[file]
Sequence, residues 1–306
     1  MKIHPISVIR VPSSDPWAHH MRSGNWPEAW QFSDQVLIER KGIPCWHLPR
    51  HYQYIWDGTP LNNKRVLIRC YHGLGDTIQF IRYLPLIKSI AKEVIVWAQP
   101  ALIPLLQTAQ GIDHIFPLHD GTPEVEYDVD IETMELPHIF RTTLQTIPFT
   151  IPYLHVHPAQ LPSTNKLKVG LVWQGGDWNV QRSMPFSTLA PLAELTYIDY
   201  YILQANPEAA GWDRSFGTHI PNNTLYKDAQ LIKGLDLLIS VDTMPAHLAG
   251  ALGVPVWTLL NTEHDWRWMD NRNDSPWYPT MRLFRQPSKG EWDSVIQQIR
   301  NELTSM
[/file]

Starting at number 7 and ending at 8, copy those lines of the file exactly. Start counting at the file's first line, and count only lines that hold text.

   251  ALGVPVWTLL NTEHDWRWMD NRNDSPWYPT MRLFRQPSKG EWDSVIQQIR
   301  NELTSM